When I was a student, my instructors always encouraged me to unleash my hidden potential. The proof is that every time I learned something, I had the feeling that I could do more. Now that I am an instructor, I keep transferring this desire for unstoppable improvement to my medical students with the hope to see all their potential unleashed.


Q: As a successful author, how did you discover your passion for writing, and how were you able to develop your writing skills?
A: This is an interesting question because it brings together different periods of my life. In my childhood, bedtime stories expanded my vocabulary, improved my listening skills and developed my imagination. At the age of 17, I managed to get my first essays and short stories published by Cambridge University Press (New York). One example was “My Father” which appeared in the compendium of essays entitled In Our Own Words. This shows how working on receptive skills such as listening is the ideal way to improve productive skills like writing. Since then, I got in the habit of writing daily, which I believe is the key to every author’s success.


Q: Tell us about your first book: how was your first writing experience, what motivated you to write it and what challenges did you face? How did you live the double-edged experience of
receiving both heart-warming comments and negative critiques?
A: My first book was a novel entitled Si Dieu Nous Prête Vie. Published in 2016, it is an endeavor to make the voice of dialysis patients heard. This is an emotionally charged experience because I wrote the novel in a hectic period of my professional life. Still, convinced that voicing the daily suffering of those patients is a noble cause, I had an unwavering motivation to write about them. Since constructive criticism is a type of feedback that helps us progress on solid ground, I welcome it with gratitude.


Q: How do you describe women’s challenges in your books, and how do you think they can overcome social pressures in complex environments?

A: Their challenges are mainly social. My novels describe their attempts to blossom out of affliction. The first means to overcome social pressures is education because women who receive better schooling lead healthy, productive lives, and their families will reap the fruits of their education.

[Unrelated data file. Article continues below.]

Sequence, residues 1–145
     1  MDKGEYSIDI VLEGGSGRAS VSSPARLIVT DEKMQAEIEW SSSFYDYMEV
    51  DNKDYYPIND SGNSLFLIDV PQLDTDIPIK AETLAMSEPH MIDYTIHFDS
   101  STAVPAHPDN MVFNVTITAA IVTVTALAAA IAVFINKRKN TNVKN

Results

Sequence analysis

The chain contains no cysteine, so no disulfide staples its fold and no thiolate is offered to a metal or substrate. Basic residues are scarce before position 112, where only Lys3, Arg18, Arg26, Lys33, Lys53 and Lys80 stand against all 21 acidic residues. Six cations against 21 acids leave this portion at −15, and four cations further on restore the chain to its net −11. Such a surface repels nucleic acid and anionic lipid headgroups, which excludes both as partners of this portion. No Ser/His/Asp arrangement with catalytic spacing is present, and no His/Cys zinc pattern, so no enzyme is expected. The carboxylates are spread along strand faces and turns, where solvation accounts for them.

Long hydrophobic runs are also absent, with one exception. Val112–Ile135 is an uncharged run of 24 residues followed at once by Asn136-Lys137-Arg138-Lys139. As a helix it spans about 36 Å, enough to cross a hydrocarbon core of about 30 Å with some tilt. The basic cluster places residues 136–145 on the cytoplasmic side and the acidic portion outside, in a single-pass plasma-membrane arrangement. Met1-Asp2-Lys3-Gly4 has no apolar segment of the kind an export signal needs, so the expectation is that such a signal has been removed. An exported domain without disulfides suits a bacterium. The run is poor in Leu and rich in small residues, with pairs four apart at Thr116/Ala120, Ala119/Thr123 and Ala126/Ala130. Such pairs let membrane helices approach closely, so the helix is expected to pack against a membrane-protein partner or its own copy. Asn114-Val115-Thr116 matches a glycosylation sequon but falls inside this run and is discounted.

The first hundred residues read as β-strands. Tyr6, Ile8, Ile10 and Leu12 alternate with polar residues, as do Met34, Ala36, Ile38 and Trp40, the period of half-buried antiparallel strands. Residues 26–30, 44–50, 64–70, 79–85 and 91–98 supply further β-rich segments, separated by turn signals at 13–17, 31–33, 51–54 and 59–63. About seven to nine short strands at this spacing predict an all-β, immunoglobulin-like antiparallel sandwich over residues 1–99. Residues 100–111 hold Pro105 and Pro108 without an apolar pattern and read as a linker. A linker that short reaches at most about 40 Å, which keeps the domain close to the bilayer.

Q: As a woman social activist, what are the best ways to translate one’s values and beliefs into practical actions?
A: Undoubtedly, one’s values and beliefs find expression in constructive social activism. Convinced that actions speak louder than words, I am highly committed to community life by taking important roles in several nephrology associations, including a kidney patient support association in the East of Morocco.


Q: What legislations could support and protect women in society and workforce?
A: Compared to many Arab countries, my country has reached a considerable level in the promotion of women’s rights. Nonetheless, there is still work to be done so that all women enjoy full social and economic equality.


Q: What advice can you give to young women to strategically plan for their goals and invest in their talents and passions?
A: Relative to an earlier question on opportunity, I believe that the more they are exposed to new contexts at school, at university or at work, the more talents they explore and develop. Hence, women’s flourishing is everybody’s responsibility.


Q: As a multi-tasker, what are your pieces of advice for ideal planning and time management, so
that you always achieve full potential? How do you manage stress and avoid burnout?
A: Your question is twofold; it is about time management and stress management. Although they have become very popular concepts in the world of business, I believe that our ancestors used to be good planners and stress managers. With careful planning, they usually created the ideal conditions for high crop yields, and with their indoor or outdoor absorbing activities, they generally managed their stress. In the same way, I manage my time by setting my priorities beforehand, and I manage my stress by spending enough time with my family and with myself reading a book.


Q: One last question: what is the best way for a person to strike a balance between their values even in the most unstable contexts?
A: Well, our values give sense to our priorities. My core values are gratitude and modesty. I believe that we should be grateful when receiving and modest when giving. Such values are life-regulating in the most unstable contexts thanks to the aura they leave around us.


Q: Thank you Professor for accepting to give us this interview.
A: My pleasure! I wish all readers a pleasant reading of my works.